Since COVID-19, many of us have become remote workers. It simply means that you’re working outside of the traditional office environment. Instead you might be working at home, in a co-working space, or on a beach in the Bahamas.
That’s where the phrase ‘digital nomad’ comes in. Digital nomads are a specific type of remote worker. They work whilst traveling the world - something that a lot of us dream of doing. I know I do!
In this guide, I’ll talk about what you need to know to work remotely from another country. There are some technicalities that you’ll need to consider before being able to live your best life.
How to work remotely from another country
Talk to your employer
If you work for a company, the first thing you need to do before hopping on a plane is to ask if you’re allowed. There’s no point jumping into planning if they’re going to say no. (Fingers crossed they don't).
Even if you’re self-employed, it’s good to check if your clients are okay with your services being offered from another country.
COVID has shown employers that their staff can be trusted to work remotely and that almost everything can be done online. But that doesn’t guarantee that they’ll say yes.
There are compliance challenges that companies have to consider when an employee works from a different country. Taxes for example.
Where do you pay taxes when working remotely?
Taxes are often the most confusing and complicated part of working remotely. Different countries have different tax laws!
Most of the time, you’ll still pay taxes to the country that you’re a resident of. For example, if you’re a resident in the UK, but remote working in Spain, you’ll still pay taxes in the UK.
Every country has its own tax residency rules which tell you how long you can stay in their country before having to pay tax to them. That’s why it’s important for you to do your research before remote working from a country.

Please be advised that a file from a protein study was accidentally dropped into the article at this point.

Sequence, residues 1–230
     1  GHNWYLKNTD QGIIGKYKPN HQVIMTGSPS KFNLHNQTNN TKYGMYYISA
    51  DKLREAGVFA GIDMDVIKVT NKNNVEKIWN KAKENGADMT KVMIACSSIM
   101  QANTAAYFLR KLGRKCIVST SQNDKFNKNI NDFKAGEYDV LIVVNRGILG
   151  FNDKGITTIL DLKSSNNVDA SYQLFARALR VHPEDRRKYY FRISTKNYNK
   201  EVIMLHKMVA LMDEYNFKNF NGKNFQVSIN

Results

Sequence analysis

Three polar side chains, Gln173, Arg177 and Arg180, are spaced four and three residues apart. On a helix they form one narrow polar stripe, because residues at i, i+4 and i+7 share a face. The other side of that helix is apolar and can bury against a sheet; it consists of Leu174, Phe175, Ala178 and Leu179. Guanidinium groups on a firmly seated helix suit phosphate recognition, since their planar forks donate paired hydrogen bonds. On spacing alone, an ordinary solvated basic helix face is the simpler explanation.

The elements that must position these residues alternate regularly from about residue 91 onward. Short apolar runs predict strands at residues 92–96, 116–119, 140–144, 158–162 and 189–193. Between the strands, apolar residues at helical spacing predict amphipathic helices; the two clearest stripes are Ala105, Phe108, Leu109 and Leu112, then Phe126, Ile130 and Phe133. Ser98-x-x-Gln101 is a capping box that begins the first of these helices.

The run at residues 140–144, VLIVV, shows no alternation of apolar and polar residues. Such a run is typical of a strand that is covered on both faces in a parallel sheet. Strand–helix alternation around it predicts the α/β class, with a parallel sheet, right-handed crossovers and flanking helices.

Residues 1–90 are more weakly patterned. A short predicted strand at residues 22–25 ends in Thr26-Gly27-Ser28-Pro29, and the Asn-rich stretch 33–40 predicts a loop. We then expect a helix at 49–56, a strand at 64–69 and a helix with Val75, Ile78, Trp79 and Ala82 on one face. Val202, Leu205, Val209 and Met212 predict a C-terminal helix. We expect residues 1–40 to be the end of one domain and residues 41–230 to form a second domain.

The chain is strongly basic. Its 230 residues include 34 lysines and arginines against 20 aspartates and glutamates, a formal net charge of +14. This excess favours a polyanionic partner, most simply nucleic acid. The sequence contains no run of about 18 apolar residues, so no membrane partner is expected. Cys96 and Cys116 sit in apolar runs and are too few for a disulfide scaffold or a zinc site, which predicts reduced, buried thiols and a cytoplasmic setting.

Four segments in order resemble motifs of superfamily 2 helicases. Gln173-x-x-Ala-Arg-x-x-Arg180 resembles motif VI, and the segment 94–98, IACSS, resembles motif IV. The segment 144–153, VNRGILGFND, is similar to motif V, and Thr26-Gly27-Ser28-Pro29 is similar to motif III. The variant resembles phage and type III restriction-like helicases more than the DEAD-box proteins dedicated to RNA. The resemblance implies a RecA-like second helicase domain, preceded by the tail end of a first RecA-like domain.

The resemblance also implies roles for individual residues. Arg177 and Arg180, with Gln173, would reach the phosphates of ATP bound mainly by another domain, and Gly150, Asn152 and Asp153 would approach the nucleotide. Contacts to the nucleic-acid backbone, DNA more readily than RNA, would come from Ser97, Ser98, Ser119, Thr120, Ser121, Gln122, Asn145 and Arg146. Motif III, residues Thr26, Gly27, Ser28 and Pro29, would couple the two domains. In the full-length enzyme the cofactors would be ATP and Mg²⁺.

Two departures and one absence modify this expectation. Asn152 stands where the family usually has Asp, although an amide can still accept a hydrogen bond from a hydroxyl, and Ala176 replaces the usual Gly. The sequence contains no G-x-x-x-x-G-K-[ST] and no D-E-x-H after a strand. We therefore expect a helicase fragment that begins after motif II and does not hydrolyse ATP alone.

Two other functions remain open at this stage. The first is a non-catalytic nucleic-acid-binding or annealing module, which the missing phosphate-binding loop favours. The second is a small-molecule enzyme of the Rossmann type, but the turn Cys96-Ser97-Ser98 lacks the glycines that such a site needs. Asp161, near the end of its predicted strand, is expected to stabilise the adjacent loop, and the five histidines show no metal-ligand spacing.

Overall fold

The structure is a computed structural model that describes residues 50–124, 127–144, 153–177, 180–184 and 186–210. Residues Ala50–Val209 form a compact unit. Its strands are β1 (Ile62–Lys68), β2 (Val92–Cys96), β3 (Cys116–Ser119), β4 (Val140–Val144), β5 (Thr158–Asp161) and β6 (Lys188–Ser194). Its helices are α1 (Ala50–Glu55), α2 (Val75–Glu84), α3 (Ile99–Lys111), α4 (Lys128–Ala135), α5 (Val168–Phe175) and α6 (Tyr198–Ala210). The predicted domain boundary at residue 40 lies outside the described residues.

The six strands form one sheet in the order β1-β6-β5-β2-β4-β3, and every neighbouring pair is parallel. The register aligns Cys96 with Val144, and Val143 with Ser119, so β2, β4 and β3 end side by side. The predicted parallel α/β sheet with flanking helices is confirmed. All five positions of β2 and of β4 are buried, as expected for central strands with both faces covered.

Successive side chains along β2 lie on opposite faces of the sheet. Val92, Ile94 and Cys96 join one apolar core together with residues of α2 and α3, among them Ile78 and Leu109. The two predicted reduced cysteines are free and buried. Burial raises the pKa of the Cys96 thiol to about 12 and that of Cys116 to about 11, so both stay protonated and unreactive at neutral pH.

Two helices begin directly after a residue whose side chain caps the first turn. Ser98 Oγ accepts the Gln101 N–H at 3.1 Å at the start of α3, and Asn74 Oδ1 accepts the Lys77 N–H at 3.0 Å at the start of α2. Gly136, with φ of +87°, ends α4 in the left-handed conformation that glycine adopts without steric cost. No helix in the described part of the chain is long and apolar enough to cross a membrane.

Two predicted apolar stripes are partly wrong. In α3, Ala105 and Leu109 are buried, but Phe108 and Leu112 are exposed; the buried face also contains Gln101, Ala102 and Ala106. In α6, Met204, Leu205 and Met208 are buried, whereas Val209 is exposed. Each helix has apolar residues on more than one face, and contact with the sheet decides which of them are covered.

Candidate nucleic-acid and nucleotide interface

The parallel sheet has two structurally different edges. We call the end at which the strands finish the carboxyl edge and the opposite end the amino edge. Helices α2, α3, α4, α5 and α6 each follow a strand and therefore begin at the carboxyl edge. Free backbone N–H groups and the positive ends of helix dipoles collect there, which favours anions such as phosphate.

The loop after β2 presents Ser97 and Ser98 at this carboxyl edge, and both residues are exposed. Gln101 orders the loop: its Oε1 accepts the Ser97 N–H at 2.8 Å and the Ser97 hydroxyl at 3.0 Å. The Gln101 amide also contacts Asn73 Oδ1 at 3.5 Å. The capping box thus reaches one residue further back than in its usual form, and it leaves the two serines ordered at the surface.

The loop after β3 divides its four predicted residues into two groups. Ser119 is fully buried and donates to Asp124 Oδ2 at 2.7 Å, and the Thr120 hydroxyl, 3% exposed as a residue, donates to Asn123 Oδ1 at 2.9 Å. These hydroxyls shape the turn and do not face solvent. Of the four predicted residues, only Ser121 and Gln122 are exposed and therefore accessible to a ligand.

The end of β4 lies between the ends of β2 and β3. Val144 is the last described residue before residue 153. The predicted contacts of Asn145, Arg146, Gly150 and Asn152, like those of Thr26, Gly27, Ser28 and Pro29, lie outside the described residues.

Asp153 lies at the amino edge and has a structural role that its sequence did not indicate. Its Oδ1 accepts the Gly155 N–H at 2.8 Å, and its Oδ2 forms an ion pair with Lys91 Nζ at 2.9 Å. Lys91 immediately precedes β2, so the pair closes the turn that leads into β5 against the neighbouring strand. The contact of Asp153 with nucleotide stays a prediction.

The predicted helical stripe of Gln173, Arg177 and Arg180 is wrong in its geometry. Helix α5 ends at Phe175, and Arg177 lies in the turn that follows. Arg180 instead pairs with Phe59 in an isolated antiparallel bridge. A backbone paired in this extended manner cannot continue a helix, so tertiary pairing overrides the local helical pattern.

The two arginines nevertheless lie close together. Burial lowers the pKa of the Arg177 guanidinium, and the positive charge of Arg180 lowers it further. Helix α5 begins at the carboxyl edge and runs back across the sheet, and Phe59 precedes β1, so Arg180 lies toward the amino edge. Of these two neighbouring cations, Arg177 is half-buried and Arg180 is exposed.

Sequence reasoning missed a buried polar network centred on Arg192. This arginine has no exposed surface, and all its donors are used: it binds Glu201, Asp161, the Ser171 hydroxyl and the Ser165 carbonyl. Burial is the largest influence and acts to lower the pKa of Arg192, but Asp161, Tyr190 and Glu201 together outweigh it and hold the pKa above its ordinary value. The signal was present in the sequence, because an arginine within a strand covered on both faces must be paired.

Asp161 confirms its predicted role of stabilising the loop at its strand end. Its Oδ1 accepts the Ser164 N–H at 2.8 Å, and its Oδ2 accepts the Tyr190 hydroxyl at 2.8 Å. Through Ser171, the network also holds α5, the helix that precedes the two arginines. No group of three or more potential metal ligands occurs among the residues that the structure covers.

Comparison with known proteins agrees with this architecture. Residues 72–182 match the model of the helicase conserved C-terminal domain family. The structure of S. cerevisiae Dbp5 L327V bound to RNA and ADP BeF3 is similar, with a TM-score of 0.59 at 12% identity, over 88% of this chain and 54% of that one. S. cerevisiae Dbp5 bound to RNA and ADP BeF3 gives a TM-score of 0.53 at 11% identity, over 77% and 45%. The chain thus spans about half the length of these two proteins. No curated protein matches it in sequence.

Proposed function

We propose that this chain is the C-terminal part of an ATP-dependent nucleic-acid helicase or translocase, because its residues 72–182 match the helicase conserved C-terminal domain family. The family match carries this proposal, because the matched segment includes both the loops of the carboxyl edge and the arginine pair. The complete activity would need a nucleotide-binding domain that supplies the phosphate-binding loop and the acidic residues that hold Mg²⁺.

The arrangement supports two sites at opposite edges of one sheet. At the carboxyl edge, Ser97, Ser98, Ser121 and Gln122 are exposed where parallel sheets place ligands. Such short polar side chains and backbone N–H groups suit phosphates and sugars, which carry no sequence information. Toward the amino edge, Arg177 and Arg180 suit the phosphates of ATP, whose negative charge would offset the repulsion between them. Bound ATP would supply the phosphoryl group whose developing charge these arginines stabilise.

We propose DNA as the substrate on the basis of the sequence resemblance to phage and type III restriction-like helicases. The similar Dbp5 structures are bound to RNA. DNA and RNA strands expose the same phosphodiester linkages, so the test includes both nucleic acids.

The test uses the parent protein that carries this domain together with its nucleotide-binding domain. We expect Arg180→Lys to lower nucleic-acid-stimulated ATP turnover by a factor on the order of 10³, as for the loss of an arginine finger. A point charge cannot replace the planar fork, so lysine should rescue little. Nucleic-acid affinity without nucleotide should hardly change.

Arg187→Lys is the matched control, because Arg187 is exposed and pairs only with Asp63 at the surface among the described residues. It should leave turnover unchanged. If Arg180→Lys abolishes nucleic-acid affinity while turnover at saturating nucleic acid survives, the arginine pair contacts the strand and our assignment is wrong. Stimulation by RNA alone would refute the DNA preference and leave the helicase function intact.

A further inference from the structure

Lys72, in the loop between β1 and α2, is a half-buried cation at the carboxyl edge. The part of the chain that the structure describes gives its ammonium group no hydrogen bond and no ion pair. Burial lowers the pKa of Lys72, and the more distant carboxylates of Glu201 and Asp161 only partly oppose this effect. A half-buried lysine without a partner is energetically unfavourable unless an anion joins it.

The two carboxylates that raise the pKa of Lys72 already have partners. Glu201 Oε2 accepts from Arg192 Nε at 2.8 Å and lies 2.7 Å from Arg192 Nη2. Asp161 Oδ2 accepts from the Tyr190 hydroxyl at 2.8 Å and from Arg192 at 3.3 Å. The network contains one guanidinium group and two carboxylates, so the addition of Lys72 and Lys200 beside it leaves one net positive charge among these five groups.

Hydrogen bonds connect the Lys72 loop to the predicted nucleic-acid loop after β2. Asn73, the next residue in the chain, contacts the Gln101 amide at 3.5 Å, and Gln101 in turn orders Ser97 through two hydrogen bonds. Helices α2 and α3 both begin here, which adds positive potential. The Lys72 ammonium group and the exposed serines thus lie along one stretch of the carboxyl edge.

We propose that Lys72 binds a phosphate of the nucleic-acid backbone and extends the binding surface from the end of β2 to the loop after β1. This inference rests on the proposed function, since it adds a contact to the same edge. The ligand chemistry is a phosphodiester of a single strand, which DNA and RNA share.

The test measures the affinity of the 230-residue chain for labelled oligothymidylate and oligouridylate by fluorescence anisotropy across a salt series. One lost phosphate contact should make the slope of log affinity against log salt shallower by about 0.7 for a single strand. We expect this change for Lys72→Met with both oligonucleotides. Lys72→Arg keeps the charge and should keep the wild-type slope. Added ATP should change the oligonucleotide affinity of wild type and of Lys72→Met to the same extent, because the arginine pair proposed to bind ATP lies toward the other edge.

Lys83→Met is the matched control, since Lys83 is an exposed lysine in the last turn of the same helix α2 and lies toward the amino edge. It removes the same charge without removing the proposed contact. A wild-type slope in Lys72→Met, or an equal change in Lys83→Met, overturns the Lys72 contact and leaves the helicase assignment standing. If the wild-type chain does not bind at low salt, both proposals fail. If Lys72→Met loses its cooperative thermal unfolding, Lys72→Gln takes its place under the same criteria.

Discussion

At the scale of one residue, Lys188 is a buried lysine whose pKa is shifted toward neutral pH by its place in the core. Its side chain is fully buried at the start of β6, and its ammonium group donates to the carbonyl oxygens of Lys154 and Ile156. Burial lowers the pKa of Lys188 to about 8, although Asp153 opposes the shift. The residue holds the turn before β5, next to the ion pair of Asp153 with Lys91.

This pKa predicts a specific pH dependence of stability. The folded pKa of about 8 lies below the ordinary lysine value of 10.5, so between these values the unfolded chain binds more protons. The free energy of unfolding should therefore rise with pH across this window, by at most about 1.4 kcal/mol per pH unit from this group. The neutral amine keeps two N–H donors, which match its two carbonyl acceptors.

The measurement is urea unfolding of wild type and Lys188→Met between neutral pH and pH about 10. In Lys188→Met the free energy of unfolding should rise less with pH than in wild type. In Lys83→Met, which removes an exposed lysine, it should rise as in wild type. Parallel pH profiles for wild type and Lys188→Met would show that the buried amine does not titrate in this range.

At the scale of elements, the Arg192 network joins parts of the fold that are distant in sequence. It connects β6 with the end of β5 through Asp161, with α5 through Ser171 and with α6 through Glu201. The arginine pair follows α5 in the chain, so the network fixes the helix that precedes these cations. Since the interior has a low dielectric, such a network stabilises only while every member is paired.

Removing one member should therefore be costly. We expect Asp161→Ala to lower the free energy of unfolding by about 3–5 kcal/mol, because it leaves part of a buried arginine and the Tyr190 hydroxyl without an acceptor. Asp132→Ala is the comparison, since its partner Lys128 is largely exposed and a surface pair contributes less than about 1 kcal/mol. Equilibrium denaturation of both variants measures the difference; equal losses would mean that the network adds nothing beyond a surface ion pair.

The EU for example usually considers an individual a tax resident after they have spent six months within their borders.
What visa do you need to work remotely?
Thankfully, the visa part of working remotely is getting easier with the introduction of digital nomad visas. It’s a document that allows someone to legally work remotely in a country outside of their permanent residence.
And the great news is that more and more countries are starting to provide them. Currently, around 50 countries offer digital nomad visas. These include Colombia, Iceland, Georgia, Antigua and Barbuda, Croatia, and more.
You’ll normally have to meet a few conditions such as proof of income, savings, or health insurance. It varies between countries, but obtaining a digital nomad visa usually allows you to stay in the country for 6 months to 1-year.
What if there isn’t a digital nomad visa?
Again, visa rules vary from country to country. In some, you may be allowed to work on a tourist visa, like digital nomads in Mexico. That's as long as you’re not providing work for the country you’re in. Others might have a special visa, like the Digital Nomad Visa for Portugal.